Tokyo to Kyoto holiday in Japan
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Description of Tokyo to Kyoto holiday in Japan
This seven day holiday in Japan takes you from Tokyo to Kyoto and gives you an in-depth look at three of the country’s most dynamic and fascinating cities, in the company of an experienced guide and a small group of likeminded travellers. Japan is an incredible country, home to geishas, sake, onsen and tea houses, and you’ll be able to get a taste of it all, without blowing the budget.
You’ll start your journey in Tokyo, where you’ll spend three days exploring the city’s exhilarating nightlife, lively shopping streets and ancient temples, perhaps visiting Tsukiji Fish Market, the biggest in the world, or spending an evening at a glass karaoke box with skyline views.
After leaving Tokyo, you’ll catch a train to Nikko, which has been a sacred city since the middle of the 8th century, and is bursting with elegant shrines and temples, including the Toshu-gu Shrine, the resting place of a Tokugawa shogun who was one of Japan’s most powerful rulers. If you’re feeling energetic, you could also head for a hike in Nikko National Park.
Your final stop is Kyoto, which you’ll reach by shinkansen (bullet train). With over 2,000 temples, shrines and gardens, you’ll be content enough just wandering the streets and soaking up the atmosphere, but you could also spend an evening in Gion, the famous Geisha district; see Japan’s largest pagoda at Toji; or take a walk along the ‘Path of Philosophy’ in the nearby eastern hills.
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1 Reviews of Tokyo to Kyoto holiday in Japan
Reviewed on 18 Apr 2018 by Lisa Watson
1. What was the most memorable or exciting part of your holiday?
It was all fabulous! There was an ideal mix of pace and sightseeing between frenetic Tokyo, to gentle Nikko and beautiful Kyoto. Our guide Koi was so
organised and helpful, her assistance in getting around really made travelling, navigating public transport or busy sightseeing spots enjoyable rather than
2. What tips would you give other travellers booking this holiday?
Double check your itinerary, as it was not clear from the notes that we would have a guide on hand throughout the trip and that our travel between venues
was also paid-when talking to the London tour operator I was also told to book a seven day rail pass in Japan, which if I had followed this advice I would have wasted a lot of £s!
3. Did you feel that your holiday benefited local people, reduced environmental impacts or supported conservation?
Staying at local guest houses owned by local people was part of the holiday. The first guesthouse in Tokyo was owned by a lovely family but the property was rather dated and the smoking inside the building by some of the other guests and the elderly owner was too much for me. The second guesthouse in Nikko had the best traditional baths. The third guesthouse in Kyoto had the right mix of traditional style with contemporary fittings and was situated in an ideal area for getting around.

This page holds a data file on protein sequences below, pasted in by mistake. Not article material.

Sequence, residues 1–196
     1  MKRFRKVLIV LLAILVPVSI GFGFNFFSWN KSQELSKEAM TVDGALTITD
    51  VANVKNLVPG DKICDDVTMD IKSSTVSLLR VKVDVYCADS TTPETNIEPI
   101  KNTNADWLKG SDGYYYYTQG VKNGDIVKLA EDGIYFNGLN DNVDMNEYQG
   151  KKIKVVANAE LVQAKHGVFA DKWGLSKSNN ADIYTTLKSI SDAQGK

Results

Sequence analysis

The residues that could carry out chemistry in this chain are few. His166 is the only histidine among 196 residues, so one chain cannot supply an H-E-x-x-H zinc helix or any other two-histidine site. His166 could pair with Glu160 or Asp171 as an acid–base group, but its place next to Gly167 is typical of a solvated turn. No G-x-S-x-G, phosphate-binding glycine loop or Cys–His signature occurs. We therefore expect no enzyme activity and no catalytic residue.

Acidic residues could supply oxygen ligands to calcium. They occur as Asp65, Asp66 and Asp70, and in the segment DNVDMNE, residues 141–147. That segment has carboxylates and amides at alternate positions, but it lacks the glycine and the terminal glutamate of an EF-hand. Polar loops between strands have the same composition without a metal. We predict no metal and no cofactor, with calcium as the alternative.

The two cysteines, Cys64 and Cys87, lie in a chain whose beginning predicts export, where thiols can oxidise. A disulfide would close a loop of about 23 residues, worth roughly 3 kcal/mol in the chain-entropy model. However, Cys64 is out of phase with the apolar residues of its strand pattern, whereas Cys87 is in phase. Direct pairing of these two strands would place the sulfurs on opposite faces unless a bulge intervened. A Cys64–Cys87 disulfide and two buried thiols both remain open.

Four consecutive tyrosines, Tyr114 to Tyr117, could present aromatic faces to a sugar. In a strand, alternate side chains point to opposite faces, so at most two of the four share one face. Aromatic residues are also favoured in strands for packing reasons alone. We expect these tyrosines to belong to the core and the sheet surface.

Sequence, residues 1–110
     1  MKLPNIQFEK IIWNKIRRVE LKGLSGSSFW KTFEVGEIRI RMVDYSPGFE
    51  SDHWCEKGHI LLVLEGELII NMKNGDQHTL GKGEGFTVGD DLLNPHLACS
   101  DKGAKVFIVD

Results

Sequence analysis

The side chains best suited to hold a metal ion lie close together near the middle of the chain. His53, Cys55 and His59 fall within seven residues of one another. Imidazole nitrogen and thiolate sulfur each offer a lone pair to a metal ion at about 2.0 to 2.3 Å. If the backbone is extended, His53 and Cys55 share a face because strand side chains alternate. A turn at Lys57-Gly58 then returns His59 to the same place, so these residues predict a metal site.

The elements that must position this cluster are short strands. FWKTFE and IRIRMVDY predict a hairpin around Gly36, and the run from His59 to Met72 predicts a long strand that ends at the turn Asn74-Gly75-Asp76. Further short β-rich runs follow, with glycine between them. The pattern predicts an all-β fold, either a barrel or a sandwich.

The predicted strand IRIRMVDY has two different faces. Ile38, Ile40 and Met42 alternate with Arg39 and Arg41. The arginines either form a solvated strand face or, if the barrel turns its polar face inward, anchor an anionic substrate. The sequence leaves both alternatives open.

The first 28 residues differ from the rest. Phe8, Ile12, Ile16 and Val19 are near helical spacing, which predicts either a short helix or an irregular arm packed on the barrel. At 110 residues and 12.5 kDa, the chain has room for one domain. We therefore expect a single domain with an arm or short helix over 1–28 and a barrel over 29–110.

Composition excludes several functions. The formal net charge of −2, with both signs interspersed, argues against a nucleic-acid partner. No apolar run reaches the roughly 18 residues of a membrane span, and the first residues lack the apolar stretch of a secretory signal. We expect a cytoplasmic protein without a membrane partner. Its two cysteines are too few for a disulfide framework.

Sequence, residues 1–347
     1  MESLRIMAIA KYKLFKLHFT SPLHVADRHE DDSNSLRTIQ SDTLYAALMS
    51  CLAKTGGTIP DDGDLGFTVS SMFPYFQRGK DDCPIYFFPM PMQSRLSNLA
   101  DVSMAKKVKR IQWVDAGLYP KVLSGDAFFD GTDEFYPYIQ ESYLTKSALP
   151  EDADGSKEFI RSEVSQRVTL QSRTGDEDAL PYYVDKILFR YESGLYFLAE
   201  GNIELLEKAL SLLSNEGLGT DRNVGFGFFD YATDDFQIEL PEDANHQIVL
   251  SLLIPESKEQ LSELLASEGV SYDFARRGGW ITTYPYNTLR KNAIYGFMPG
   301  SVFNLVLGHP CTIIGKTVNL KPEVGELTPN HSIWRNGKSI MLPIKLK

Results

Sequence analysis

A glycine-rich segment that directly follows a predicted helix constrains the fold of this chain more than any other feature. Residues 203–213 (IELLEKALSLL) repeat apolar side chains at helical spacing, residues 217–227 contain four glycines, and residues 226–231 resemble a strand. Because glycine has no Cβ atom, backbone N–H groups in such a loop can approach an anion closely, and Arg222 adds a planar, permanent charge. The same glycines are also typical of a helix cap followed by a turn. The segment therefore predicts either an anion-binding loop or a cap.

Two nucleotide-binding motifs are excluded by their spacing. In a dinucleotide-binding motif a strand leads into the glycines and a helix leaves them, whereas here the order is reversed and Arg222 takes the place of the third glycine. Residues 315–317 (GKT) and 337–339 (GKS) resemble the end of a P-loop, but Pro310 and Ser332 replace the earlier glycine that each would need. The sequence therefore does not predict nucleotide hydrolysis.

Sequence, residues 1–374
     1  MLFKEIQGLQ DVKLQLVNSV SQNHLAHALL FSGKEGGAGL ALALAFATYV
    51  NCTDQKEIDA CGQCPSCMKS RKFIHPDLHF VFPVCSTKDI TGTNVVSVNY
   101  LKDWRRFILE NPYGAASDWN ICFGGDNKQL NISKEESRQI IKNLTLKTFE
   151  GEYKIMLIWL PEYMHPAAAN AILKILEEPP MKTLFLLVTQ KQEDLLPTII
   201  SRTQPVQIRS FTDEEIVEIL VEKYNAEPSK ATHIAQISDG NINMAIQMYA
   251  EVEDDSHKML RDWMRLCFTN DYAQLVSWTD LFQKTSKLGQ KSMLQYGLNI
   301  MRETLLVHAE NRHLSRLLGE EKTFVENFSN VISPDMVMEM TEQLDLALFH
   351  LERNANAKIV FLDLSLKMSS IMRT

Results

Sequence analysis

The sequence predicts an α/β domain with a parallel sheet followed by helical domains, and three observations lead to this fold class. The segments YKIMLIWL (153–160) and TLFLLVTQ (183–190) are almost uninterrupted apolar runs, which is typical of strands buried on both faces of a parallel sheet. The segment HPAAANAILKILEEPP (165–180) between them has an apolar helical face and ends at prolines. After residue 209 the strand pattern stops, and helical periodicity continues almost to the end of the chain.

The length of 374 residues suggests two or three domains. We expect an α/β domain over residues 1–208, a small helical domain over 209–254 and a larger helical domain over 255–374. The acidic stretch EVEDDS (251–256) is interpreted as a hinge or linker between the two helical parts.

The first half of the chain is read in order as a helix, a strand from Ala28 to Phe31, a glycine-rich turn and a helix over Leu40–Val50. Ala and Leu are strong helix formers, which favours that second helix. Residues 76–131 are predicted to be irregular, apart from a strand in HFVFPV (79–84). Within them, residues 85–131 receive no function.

4. Finally, how would you rate your holiday overall?
Grand. Travel is soul food and Japan has been on my wish list to visit for an awful long time. Really felt I lucked out by booking with the tour operator, having fun & friendly fellow travellers and a truly brilliant guide in Koi.
PlanetThis journey is filled with opportunities for you to learn about Japan today and its extraordinary contrasting blend of the ultra modern and high tech, with ancient traditions. The more you shed preconceptions, observe and participate in the many experiences on offer you will increase cross-cultural understanding.
Much of the travelling on this trip is done on the famous Bullet train. Journeying by rail produces significantly less carbon emissions per passenger than travel by either air or car, making this one of the most environmentally responsible methods to explore this magnificent country.
All travellers in the group will be encouraged to travel with refillable water bottles and purification tablets rather than purchasing water in plastic bottles to minimise waste and your group leader will also be on hand to advise on the responsible discarding of rubbish throughout the trip, recycling wherever possible.
We are a big supporter of the protection of endangered species around the world. It is against our Responsible Travel policy for leaders to take passengers to places that use cruel practices or supply or serve foods that are on the endangered species list, such as whale, turtle, tiger, bird’s nests, pangolin and shark.
There are many activity options enabling you to interact with local people and learn and understand their traditions. We of course do what we can to demonstrate respect for local culture and tradition. While Japan is known for its 'out there' fashions overall, it is quite a conservative country. We spend time at temples, working monasteries, holy shrines, recreated villages and castles, cooking schools and ancient gardens. At these places it is important to be respectful to the staff and other visitors by wearing clothing that covers your shoulders and knees. During your visit you will receive hospitality from local families and people. A great way to reciprocate is to bring a small gift from your country, eg. animal figurines, pens, flags or stickers.
The accommodation for this trip is a mix of small locally owned and operated ryokan (traditional Japanese inns) and guesthouses, where our patronage is directly supporting local families. Our gracious hosts will help guide you around traditional practices and living arrangements. An outdoor onsen (hot spring bath) is a real highlight of a guesthouse stay. There are separate baths for males and females, and as no clothes or swimming costumes are allowed in the hot springs - it's time to shed those inhibitions!